“Some are critical. Yet mass media are very sympathetic to Kenji—and generally so is public opinion. They say that someone had to do this kind of work. And Kenji was a kind journalist who took a risk to rescue Yukawa."
Japan’s Christian minority largely supports the nation’s pacifist stance and view Kenji’s trips to Syria in that light. “Kenji is a Christian. Christian population in Japan is less than 1 percent of the national population,” Fujiwara said. “Not only his church, the United Christian Church of Japan, but also the churches in Japan are praying for him. We think that Kenji was doing important work for peace-making.”
But Fujiwara said, “Christians are strongly against the Abe regime as being militarily oriented and nationalistic. When you think about the opinions of Christians in Japan, you can almost assume that they are generally more antinationalistic, more nonviolence-oriented than the public. Christians should be peace-making, yet we need to be wise as serpents and give alternatives to the Abe regime.”
CT asked Fujiwara about unity among religious groups against terrorism. He said, "Islamic Center Japan condemned the action of ISIS on Jan. 23, 2015, saying that Muslims had not received religious harassment in Japan and the Japanese were not enemies of Muslims. Unlike Europe and North America, we have not had Protestant-Catholic conflicts in Japan, either. In addition, after the 2011 earthquake, religious organizations learned to work together for the common good when possible."
After ISIS said publicly that Kenji and Yukawa were being held hostage, the parents of both men apologized to Japan’s public on television for the trouble they caused. “The initial reaction here in Japan was that these two went and got themselves in trouble by going where they should not have gone and have made a problem for the country,” said another Tokyo-based pastor. “The reports from his pastor and others that Goto is a Christian and is motivated by giving children in war zones a voice did a lot to gain at least him favor in the eyes of the public that at least he was not just an adventure seeker.”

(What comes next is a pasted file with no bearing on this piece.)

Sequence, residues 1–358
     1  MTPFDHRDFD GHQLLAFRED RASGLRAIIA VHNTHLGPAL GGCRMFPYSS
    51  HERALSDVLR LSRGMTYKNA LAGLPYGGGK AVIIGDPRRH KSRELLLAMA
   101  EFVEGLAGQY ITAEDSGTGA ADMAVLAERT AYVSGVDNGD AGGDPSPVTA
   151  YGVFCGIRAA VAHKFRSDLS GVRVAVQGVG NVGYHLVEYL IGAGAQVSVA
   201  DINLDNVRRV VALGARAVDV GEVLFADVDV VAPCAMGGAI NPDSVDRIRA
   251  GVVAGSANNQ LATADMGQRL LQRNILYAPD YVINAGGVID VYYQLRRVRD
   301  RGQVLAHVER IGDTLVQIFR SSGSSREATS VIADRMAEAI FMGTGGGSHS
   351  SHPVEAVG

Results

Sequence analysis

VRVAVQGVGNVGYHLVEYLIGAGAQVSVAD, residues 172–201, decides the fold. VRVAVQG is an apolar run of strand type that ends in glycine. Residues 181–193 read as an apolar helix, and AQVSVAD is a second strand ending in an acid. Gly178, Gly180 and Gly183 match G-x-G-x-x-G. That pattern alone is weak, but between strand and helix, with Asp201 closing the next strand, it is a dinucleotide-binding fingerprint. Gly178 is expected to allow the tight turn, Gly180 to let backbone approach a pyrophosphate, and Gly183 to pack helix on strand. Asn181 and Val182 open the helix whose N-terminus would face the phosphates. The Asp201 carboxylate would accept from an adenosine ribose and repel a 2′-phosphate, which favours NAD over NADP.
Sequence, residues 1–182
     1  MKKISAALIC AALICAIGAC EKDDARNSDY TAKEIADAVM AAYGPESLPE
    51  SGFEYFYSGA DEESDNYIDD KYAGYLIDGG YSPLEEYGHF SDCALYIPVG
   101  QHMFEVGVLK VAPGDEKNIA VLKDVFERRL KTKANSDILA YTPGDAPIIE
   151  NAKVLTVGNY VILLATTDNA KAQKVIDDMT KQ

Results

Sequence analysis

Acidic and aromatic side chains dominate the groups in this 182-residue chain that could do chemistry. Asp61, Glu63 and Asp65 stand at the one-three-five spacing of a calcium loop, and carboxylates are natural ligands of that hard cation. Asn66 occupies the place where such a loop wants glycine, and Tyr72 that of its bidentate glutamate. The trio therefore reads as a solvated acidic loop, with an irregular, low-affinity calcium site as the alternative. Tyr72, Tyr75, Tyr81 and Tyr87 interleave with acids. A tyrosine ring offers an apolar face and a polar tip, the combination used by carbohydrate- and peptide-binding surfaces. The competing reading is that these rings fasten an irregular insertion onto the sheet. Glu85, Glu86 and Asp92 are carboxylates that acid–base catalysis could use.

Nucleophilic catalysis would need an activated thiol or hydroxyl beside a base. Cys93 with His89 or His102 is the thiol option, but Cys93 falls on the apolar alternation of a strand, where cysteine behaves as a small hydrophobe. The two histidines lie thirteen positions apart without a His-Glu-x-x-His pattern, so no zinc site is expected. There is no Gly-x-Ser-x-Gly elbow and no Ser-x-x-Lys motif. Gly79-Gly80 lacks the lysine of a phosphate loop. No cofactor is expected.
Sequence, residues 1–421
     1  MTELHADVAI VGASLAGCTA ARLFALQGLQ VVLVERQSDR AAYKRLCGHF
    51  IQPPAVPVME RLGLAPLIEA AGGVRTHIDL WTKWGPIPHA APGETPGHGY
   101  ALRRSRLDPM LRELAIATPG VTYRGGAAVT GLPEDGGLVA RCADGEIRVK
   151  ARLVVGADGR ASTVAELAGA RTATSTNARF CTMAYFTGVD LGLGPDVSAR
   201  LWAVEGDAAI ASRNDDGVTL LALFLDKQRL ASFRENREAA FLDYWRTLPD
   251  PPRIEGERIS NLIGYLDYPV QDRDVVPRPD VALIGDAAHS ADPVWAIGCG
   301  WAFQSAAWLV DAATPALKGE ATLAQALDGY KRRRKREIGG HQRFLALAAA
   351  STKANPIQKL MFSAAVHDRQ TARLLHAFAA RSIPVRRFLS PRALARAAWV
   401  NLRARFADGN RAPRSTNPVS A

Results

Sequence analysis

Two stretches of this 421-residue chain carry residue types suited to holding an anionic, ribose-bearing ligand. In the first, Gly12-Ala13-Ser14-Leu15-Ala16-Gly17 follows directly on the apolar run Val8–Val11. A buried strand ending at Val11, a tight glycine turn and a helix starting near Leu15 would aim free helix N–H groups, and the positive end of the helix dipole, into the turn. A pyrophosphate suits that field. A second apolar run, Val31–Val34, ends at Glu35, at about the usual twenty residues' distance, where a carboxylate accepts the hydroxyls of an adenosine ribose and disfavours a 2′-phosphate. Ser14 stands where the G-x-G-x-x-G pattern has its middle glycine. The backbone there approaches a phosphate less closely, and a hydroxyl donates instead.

Kenji’s wife, Rinko, recorded a video statement, saying, “My husband is a good and honest man who went to Syria to show the plight of those who suffer.”
The Japan Times reported:
As a journalist, Goto is “devoted to reporting what should be reported with a firm conviction,” said Hiroshi Tamura, pastor of the Chofu Church of the United Church of Christ in Japan. Tamura had until March 2013 been pastor of the Denenchofu Church of the United Church of Christ, which Goto attended. He said Goto “has a strong sense of justice . . . and he has always been conscious of vulnerable people, including children.”
The UCCJ is Japan’s largest Protestant body. In 1941, the government forced all Protestant groups into the UCCJ. Today, it has 200,000 members and has a reputation for liberal theology. After the war, Baptists, Anglicans, Lutherans, the Assemblies of God, and a few others dropped out.
Goto’s journalism projects have aired on national media and he has published several books, including We Want Peace Not Diamonds: A Confession by Child Soldier Muria.